“Years ago as a young missionary I visited Nauvoo and Carthage with my mission president, and we were holding a missionary meeting in the jail room where Joseph and Hyrum had met their deaths. The mission president related the historical events that led up to the martyrdom and then he closed with this very significant statement: ‘When the Prophet Joseph Smith was martyred, there were many saints who died spiritually with Joseph.’ So it was when Brigham Young died: so it was when John Taylor died. Do revelations given to President John Taylor, for example, have any more authority than something that comes from our president and prophet today? Some Church members died spiritually with Wilford Woodruff, with Lorenzo Snow, with Joseph F. Smith, with Heber J. Grant, with George Albert Smith. We have some today willing to believe someone who is dead and gone and to accept his words as having more authority than the words of a living authority today” (Stand Ye in Holy Places , 153).
President Lee amplified this by telling of his response to a man who was disturbed at a new policy of the Church which was different from one established in the time of Joseph Smith. He said to this questioning brother:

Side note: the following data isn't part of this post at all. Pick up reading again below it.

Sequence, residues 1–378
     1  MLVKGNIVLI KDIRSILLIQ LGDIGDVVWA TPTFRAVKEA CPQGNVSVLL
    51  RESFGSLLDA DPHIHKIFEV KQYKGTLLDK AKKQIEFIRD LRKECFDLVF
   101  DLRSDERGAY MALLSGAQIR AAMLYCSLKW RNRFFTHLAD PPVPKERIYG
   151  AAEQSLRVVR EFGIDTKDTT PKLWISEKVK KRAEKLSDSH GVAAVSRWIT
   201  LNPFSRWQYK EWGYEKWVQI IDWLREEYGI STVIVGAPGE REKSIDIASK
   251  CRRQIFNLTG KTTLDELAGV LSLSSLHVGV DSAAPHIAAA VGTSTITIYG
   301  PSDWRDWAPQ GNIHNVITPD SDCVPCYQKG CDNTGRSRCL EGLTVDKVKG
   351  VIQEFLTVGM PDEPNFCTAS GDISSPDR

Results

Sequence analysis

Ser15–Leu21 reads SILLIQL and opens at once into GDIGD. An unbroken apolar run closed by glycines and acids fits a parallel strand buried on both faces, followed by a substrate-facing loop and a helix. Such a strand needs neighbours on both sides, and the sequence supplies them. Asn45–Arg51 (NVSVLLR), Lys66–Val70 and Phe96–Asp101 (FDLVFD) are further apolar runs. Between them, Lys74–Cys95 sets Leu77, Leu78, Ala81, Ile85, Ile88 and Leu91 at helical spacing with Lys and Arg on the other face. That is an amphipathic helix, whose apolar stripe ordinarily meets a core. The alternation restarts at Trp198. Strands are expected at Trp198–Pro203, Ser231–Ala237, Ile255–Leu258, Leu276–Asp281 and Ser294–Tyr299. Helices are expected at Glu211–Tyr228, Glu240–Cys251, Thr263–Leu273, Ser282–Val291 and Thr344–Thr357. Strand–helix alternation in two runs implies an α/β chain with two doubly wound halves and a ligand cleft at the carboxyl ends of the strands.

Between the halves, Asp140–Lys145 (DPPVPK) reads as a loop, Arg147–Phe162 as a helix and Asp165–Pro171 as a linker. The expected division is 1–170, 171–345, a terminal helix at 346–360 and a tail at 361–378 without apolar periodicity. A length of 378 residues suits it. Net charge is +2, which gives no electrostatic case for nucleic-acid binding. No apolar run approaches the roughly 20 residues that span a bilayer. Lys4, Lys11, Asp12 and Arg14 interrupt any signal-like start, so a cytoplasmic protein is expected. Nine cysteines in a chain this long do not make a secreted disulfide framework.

“‘Have you ever thought that what was contrary to the order of heaven in 1840 might not be contrary to the order of heaven in 1960?’ He had not thought of that. He again was following a dead prophet, and he was forgetting that there is a living prophet today. Hence the importance of our stressing that word living” (Stand Ye in Holy Places, 153).
In summary, the Church is founded on continuing revelation to a current, living prophet. “Many great and important things pertaining to the Kingdom of God” have been revealed, and more are yet to be revealed through the living prophet. Beginning with Joseph Smith and continuing on to his successors as President of the Church, the ongoing stream of revelation has perfected our understanding of the gospel. The understanding of doctrines is more complete as taught by the Church today than at any prior time in this dispensation. Of this I testify in the name of Jesus Christ, amen.